9.13: Re-opening case

Case Summary

This Decision arises from an Application to re-open a prior Decision pursuant to Rule 9.13.

In an earlier Application, the Applicant had applied for, among other things, an Order setting aside various general security agreements between the Respondent and related parties on the basis that the agreements constituted fraudulent preferences pursuant to the Fraudulent Preferences Act, RSA 2000, c F-24. The Applicant was unsuccessful in securing the requested relief, as it was unable to demonstrate that it was a creditor, as required by the applicable legislation. Later, the Applicant sought to re-open the Application on the basis of further evidence capable of demonstrating that it was in fact a creditor. The formal Judgment associated with the prior Decision had not yet been signed or entered.

In assessing the Application to re-open, the Court noted that, while empowered to re-open and reconsider its Decision, the weight of jurisprudence held that such power should be exercised sparingly and with great care. The Court went on to note several considerations to be observed in making its determination: (1) would there be a miscarriage of justice without the reopening?; (2) is the applicant trying to raise a new issue which [it] could have raised earlier?; (3) has the re-opening been sought based on new facts, not merely new argument? (4) has any other party relied on the Order to its detriment? (5) does the Applicant's new factual stance contradict its earlier factual assertions or evidence? Among these, the Court observed that the fundamental consideration is avoidance of a miscarriage of justice. The Court also noted the parties’ agreement that the Decision should be re-opened if the Appellant could satisfy the test for admission of new evidence: i.e. that the evidence could not have made available at trial through due diligence and that the evidence would, if adduced in the original Application, probably have changed the result.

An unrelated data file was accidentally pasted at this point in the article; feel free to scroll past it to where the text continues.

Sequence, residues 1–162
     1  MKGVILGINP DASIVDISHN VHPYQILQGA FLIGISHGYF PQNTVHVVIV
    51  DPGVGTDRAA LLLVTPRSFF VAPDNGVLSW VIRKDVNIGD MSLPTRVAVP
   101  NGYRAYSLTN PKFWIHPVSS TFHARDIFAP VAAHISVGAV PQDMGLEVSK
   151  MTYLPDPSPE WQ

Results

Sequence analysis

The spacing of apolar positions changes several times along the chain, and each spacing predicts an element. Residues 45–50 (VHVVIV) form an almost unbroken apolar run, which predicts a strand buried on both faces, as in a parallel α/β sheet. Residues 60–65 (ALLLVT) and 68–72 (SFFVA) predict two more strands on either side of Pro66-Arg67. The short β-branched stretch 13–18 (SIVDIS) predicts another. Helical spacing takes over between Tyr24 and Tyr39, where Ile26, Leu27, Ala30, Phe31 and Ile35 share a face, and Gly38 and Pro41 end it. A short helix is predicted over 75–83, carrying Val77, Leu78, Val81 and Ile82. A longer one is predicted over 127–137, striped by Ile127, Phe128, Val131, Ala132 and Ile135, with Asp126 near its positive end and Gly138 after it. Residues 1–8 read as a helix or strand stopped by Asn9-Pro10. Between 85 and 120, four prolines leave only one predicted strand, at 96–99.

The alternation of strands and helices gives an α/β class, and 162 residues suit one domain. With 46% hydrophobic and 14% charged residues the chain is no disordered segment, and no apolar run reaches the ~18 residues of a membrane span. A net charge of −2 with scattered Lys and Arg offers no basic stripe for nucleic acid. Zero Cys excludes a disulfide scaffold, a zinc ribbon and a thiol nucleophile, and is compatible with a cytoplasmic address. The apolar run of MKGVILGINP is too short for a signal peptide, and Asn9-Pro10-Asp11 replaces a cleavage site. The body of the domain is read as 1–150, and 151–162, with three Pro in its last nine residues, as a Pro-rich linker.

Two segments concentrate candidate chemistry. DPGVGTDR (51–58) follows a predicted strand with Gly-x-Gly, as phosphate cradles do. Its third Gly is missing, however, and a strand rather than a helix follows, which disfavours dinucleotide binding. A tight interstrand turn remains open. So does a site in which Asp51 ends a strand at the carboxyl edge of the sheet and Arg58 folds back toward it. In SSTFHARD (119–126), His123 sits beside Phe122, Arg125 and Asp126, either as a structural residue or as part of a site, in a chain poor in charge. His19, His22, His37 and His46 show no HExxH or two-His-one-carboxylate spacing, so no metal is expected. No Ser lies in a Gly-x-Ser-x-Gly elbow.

Turning to the specific evidence, the Court found that the new evidence would likely have changed the result; however, it also found that the evidence was available at the time of the original Application. Noting also that the assessment of whether a miscarriage of justice has occurred requires a consideration of the parties’ mutual right to finality, the Court held that the case should not be re-opened notwithstanding the new evidence.

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